Here are a few thoughts on applying grace to your relationships.
When God gifts us with a propensity for a certain virtue, we must see it as a secret of sorts. We shouldn’t expect others to have miraculously acquired it too. It is our own gift, our own tool, our special weapon against darkness. If we grow intolerant of others’ shortcomings in an area that is easy for us, our gift turns into a burden. We will mix bitterness in with our goodness until, eventually, the gift is no longer ours.
Remember also that human nature is to witness a another person’s single mistake, and immediately forget every good thing he ever did. In light of this, there are two things you must endeavor to do. First, be unconcerned when others are ungrateful for what you do, and also when they allow one of your mistakes to erase your good deeds from their memory. People succumb to the sinful nature all the time. We are all works in progress. Let it pass. If you harness your happiness to God’s good opinion, you will always feel appreciated, because He thinks well of all of His children.
The second course of action is to resist this tendency in yourself. The things about your family, friends, and coworkers that drive you insane are the very faults you must practice forgiving. Take every opportunity to remember the good things about them; their unique strengths. More than likely there is at least one small service they do others that they are seldom thanked for. So thank them. And thank God for them, for the way they are forcing you to become stronger.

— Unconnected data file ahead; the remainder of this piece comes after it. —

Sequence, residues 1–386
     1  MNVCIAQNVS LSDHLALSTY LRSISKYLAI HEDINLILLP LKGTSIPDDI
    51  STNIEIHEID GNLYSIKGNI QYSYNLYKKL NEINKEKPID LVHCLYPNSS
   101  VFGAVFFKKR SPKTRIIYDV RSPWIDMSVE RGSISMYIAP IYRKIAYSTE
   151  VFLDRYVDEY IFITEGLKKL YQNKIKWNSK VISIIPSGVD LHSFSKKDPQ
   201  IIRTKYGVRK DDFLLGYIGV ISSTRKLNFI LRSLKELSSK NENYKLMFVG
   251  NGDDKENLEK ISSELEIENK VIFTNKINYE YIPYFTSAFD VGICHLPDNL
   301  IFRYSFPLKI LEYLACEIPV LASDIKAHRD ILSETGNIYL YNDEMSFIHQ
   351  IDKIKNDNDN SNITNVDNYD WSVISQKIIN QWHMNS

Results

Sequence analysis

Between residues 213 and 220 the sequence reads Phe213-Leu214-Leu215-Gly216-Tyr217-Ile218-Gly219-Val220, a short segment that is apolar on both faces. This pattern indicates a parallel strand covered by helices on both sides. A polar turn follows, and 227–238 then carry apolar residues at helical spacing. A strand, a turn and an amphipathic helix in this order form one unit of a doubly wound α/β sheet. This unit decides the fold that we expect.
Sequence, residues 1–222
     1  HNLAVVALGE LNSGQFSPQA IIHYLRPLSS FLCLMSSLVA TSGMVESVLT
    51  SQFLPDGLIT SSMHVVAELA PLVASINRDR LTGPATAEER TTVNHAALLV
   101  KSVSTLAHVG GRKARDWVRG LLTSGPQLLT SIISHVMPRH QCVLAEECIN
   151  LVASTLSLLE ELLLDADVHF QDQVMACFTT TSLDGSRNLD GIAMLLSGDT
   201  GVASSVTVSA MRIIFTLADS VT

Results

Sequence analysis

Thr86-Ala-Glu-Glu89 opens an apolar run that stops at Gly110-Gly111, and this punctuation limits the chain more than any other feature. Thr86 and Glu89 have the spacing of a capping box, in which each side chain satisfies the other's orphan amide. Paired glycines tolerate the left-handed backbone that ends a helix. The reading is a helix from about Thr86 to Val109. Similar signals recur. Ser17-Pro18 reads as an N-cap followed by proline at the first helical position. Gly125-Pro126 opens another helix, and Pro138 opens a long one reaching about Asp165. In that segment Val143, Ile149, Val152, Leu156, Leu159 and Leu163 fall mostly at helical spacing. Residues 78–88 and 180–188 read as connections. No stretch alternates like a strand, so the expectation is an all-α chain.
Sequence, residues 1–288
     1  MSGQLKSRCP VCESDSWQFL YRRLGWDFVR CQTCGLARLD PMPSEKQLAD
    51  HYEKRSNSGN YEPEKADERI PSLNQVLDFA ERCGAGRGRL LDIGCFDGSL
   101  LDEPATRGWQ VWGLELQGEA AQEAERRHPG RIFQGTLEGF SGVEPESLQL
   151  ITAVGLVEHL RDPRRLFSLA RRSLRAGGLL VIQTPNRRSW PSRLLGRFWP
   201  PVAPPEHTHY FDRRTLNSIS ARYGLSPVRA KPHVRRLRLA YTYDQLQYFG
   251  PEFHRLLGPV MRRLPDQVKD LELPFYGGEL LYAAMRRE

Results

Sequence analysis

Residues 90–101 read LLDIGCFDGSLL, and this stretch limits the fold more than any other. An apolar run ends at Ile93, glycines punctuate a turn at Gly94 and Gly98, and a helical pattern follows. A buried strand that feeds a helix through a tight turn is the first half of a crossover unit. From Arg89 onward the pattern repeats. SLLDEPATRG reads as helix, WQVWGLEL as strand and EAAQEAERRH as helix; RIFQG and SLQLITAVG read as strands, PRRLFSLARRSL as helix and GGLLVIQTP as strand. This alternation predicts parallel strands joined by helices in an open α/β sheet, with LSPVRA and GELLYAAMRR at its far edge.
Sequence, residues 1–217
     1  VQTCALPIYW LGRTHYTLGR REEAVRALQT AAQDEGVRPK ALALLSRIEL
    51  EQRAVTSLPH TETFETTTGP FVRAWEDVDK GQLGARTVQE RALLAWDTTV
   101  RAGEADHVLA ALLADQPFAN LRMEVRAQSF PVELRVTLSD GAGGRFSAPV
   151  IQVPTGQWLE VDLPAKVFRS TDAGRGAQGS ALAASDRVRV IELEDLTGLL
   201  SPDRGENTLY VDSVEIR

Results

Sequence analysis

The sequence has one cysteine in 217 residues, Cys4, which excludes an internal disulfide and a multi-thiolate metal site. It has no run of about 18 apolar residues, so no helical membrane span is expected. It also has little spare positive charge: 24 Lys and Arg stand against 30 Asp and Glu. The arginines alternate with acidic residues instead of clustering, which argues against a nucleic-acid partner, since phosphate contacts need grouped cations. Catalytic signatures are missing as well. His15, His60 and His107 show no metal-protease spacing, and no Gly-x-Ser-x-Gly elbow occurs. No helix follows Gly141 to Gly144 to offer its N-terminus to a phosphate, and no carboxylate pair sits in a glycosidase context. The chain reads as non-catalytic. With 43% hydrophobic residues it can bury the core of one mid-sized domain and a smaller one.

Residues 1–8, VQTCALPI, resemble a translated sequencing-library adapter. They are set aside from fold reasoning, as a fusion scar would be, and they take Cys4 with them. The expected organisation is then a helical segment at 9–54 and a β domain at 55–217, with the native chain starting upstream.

And this brings me to a fine point of truth. When you grow to truly love someone on the deepest level, it means you have found God inside him or her, and it has overshadowed everything else to you. Use this truth when you are trying to find love for a difficult person. Look for the God in them and believe in it. It makes all the difference, and you may be the only one who can.
“So God created man in his own image, in the image of God created he him . . . ” Genesis 1:27 (KJV)
“Make allowance for each other’s faults, and forgive anyone who offends you. Remember, the Lord forgave you, so you must forgive others.” Colossians 3:13 (NLT)
“Always be humble and gentle. Be patient with each other, making allowance for each other’s faults because of your love. Make every effort to keep yourselves united in the Spirit, binding yourselves together with peace.” Ephesians 4:2-3 (NLT)
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